Love your enemies, bless them that curse you, do good to them that hate you, and pray for them which despitefully use you, and persecute you.”

    P.S. Lost in Translation: I think you were wrong when you said that Christianity didn’t primarily spread through thoughtful persuasion — passages like the above resonate with at least some of us.

  46. Religion is not necessary for meditation. So his conclusion is not supported by his premises. Atheists who meditate should received the same benefit. Maybe he should include martial arts, and yoga. But then he couldn’t credit religion.

  47. “Why would peoples’ brains resonate when thinking about obviously false gods like the Buddha or the papist heresy?”

    Because, just like Protestant Christianity, it’s all in the mind.

  48. They examined Buddhist monks to find evidence that belief in God is “hard-wired”? Buddhists don’t believe in God as an entity who created the universe and judges people. Buddhists are, in a sense, atheists.

    Also, what’s a cloke? Cause I don’t have one.

  49. “Also, what’s a cloke? Cause I don’t have one.”

    Kind of an inside joke — in biblical times, if you took both someone’s coat and cloak / cloke, they’d be nekkid.

  50. jh,

    And I think you’re wrong (mostly) to think that it did, but then again, most history isn’t written about the boring forest theological discussions that resulted in conversion…

  51. Lost — what’s a “boring forest”?

    Mebbe you’re right — no way to know for sure.

  52. DISCLOSURE:

    Ron Bailey posts on the Science vs. Religion false dichotomy are all tedious reruns.

    save us karl popper, you’re our only hope

  53. grylliade,

    Basically, I think that if you did a careful anthropological survey of different religions, you’d find that they all acted in the same way.

    It has been done (many, many, many, many, many times) and they don’t all act the same way. Indeed, how religion works varies from culture to culture. Most people took the Greek Gods seriously, but no Greek was going to ram those Gods down the throat of say a traveller (and Athens was chocked full of them in the Fifth century) who didn’t adhere to the particular Greek pantheon of Gods. No perhaps you will make some objection about Socrates, but that was as much about Socrates being friendly with some of the oligarchs who temporarily ruled Athens as anything. No, some religions are almost universally tolerant of other faiths, etc., and others are not. That speaks more to the culture associated with those religions than to some universal human standard.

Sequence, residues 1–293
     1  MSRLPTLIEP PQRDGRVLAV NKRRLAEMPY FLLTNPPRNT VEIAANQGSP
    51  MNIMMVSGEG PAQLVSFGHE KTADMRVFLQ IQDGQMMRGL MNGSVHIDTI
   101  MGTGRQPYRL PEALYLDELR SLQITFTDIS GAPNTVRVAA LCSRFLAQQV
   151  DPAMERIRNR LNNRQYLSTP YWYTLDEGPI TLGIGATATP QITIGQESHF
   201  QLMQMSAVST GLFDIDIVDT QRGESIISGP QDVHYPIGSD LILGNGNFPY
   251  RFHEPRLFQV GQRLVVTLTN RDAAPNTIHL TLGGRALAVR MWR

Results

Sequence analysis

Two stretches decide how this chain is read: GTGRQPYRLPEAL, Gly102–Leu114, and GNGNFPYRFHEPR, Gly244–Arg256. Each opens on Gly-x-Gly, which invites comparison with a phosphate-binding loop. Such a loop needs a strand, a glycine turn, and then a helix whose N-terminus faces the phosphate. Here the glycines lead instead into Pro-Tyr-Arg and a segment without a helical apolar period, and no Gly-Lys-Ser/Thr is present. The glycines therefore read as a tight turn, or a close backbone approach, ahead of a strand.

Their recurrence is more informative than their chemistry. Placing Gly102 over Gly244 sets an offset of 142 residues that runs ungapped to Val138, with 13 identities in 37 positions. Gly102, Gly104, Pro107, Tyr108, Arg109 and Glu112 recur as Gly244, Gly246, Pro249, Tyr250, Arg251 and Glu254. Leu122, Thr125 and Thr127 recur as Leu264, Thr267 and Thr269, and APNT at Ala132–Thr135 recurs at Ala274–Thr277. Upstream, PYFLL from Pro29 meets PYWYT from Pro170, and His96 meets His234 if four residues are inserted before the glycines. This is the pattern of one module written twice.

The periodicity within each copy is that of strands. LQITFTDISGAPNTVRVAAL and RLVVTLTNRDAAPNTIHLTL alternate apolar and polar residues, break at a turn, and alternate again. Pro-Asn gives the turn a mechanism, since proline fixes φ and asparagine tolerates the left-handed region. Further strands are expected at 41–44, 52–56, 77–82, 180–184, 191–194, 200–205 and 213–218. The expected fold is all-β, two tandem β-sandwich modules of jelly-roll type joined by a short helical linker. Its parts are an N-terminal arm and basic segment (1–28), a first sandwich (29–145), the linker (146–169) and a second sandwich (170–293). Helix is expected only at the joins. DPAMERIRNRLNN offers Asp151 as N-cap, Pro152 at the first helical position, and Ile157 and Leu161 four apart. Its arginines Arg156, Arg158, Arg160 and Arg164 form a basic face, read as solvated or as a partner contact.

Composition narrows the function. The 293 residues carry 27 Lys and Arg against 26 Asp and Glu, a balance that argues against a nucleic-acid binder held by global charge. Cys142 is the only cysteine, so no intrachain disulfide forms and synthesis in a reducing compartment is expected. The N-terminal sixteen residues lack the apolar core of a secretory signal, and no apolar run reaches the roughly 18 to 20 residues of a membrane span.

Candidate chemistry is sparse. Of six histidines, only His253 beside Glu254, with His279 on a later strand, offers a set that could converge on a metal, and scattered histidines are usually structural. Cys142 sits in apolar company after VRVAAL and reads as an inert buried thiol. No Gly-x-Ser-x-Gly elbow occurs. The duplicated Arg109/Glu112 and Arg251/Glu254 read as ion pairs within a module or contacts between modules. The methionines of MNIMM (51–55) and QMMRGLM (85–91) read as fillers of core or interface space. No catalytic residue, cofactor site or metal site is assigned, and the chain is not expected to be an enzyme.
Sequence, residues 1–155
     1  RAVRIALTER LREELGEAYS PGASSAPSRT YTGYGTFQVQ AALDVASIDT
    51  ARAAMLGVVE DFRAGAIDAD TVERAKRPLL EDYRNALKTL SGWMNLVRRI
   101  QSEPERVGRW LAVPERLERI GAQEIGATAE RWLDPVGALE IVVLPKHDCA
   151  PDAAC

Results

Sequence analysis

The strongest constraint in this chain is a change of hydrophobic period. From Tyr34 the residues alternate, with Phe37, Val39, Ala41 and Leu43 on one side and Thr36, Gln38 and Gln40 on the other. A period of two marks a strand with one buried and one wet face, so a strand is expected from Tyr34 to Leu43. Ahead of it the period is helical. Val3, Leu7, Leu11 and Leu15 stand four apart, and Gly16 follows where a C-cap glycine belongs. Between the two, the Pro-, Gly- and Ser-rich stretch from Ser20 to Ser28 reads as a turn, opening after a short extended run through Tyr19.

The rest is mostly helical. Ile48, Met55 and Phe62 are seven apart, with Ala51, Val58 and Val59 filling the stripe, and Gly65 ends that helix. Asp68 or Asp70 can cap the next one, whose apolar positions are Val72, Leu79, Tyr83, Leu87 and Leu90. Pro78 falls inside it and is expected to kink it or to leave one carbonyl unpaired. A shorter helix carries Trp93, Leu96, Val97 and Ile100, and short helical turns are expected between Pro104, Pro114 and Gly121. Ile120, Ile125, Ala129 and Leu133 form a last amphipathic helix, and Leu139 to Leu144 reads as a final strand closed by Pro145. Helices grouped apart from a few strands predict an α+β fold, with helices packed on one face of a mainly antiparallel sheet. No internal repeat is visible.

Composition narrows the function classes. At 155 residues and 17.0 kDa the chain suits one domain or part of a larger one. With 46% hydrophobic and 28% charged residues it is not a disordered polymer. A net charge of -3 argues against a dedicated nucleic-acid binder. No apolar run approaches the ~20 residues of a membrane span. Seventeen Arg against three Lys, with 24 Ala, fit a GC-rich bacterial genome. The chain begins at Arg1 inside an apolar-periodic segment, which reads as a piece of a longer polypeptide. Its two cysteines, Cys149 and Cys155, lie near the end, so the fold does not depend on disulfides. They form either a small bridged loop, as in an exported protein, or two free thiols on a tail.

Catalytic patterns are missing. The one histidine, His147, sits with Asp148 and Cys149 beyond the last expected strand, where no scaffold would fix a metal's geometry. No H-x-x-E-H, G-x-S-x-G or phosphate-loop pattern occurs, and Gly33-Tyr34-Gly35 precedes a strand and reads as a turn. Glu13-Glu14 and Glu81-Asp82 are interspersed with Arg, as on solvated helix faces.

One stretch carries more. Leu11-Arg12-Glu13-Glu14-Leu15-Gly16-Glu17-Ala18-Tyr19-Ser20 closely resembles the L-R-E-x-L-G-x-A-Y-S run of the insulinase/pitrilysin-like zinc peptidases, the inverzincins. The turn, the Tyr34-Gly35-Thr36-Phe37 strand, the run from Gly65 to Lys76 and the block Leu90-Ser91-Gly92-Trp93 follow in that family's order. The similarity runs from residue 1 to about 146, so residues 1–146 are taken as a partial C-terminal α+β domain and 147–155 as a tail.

____________________________________

    Anyway, as many scholarly commentators have noted one the basic changes in religious belief came with the advent of the major monotheisms. They combined state and religious power in unique ways (no one is going to deny that the state and religious weren’t combined in 5th century Athens for example) and that’s in part what has made “modern” religion more dangerous than what had existed in the classical period.

  54. grylliade,

    I know atheists will hate me, but in this respect at least atheism is a religion (or at least can be).

    You’d be better making an argument about the nature of ideologies (religion is a sub-set of such) than claiming that atheism is a religion or resembles one.